Please comment with your thoughts: What do you LIKE about this conversion? What do you DISLIKE? What SUGGESTIONS would you have to make it a more useful Oar Cruiser?

Originally published January 16, 2016.

Friday, January 15, 2016

Where to Row in Clearest Water in NJ?

Answer: About 20 miles east of the Pennsylvania border and 60 miles west of New York City, in Round Valley Reservoir in Lebanon, New Jersey.
Map of Round Valley
Size: 2000 acres, about 3 miles by 1.5 miles, 180 feet deep at the deepest point.
US 78 eastbound, exit 18 to NJ Rt. 22 east to right turn at Round Valley Access road, follow sign to ramp.
US 78 westbound, exit 20b to NJ Rt. 22 west to right exit to Round Valley Access road, follow sign to ramp.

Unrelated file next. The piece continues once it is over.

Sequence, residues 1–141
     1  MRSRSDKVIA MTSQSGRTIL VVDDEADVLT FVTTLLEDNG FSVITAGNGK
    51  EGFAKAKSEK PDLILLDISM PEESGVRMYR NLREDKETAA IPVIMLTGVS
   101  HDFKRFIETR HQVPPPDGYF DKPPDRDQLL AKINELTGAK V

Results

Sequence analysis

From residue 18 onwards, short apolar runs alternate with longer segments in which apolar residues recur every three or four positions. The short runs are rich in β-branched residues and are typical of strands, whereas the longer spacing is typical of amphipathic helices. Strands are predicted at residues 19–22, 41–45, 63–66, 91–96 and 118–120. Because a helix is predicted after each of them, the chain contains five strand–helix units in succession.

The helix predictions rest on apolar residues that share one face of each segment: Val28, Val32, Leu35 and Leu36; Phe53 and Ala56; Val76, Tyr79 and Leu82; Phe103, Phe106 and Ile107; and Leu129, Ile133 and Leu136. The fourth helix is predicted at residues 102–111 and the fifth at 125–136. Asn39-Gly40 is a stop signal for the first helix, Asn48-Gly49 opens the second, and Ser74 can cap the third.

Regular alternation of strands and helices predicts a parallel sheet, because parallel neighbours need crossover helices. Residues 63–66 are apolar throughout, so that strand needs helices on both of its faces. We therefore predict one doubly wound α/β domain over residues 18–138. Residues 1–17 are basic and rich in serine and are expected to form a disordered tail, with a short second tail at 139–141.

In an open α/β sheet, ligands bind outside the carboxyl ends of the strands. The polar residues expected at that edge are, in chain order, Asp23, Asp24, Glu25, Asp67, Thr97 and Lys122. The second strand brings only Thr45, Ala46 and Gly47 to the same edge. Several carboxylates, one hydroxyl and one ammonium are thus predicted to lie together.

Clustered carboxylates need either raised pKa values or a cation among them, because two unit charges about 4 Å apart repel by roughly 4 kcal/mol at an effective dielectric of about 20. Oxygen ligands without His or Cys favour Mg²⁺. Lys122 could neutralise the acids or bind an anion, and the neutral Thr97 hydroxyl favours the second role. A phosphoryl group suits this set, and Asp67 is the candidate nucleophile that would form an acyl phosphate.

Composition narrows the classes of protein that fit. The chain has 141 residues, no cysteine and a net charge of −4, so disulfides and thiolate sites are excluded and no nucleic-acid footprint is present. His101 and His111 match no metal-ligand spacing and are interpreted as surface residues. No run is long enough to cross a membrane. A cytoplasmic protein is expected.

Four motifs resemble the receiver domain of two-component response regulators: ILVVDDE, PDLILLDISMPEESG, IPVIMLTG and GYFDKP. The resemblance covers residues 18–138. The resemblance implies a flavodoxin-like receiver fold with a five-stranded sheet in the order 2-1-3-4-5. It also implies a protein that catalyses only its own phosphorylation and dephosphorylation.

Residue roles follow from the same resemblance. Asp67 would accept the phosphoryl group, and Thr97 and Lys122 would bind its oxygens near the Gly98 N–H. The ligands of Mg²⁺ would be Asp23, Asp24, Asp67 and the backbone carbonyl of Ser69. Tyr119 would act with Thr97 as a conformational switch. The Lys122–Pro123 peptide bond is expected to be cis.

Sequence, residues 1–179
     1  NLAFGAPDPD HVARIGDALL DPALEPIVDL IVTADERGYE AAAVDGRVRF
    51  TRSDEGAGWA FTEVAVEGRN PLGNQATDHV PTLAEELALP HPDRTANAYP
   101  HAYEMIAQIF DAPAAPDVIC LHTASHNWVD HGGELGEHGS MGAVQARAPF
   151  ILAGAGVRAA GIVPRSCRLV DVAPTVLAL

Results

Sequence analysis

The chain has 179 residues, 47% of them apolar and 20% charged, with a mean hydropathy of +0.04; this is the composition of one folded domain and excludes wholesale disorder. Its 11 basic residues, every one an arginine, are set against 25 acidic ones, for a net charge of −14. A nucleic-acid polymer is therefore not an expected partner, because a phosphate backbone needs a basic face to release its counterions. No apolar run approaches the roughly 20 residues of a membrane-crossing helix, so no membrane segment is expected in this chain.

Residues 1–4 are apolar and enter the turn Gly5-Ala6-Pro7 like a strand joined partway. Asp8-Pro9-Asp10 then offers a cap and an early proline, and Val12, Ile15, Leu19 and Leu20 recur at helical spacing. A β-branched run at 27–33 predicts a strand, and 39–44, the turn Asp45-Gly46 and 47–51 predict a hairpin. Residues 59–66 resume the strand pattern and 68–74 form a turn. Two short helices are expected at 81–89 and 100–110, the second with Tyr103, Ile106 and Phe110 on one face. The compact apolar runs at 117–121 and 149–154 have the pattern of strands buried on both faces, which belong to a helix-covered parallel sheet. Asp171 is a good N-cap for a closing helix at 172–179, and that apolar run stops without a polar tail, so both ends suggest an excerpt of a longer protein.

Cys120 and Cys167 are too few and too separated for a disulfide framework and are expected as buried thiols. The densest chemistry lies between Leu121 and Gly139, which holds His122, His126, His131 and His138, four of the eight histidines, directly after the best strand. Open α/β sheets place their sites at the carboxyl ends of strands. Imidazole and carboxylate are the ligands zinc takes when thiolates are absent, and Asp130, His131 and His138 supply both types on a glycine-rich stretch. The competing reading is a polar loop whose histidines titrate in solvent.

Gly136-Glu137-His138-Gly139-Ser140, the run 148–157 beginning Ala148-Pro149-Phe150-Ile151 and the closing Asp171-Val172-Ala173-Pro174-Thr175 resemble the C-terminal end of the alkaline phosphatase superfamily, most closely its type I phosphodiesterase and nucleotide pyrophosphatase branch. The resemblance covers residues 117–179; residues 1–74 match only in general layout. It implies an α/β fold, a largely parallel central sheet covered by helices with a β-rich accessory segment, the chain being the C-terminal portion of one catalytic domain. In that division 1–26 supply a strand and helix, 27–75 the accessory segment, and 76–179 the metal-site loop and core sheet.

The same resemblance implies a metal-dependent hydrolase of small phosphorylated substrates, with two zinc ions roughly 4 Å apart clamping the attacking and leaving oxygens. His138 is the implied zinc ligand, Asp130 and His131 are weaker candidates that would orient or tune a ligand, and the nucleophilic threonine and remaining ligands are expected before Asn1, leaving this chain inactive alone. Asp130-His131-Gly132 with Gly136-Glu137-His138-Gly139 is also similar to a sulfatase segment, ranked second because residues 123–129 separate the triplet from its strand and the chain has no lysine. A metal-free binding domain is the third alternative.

Ramp: Wide concrete.
Fee: You'll need an annual "Boat Ramp Maintenance Permit" during the summer, available at Walmart for $20.
Detailed information: www.State.NJ.US/dep/parksandforests/parks/round/HTML

Early morning looking ESE from the ramp area.
Round Valley is a beautiful reservoir, with very clear water and almost always a breeze, frequently out of the NW.

NW corner looking SE
During the summer, there are a lot of SUPs and kayaks (mostly rented) in the north west corner. Once beyond that, there is little boat traffic, mostly fishermen.

Looking north at the east end of the Reservoir
Heavy fog required a compass row, at times with no shore in sight.

It's my favorite venue for day trips. Try it... you'll love it like I do.

Please comment or email me with your favorite rowing venue. If you email me ( include photos and I'll 'guest post' your favorite venue.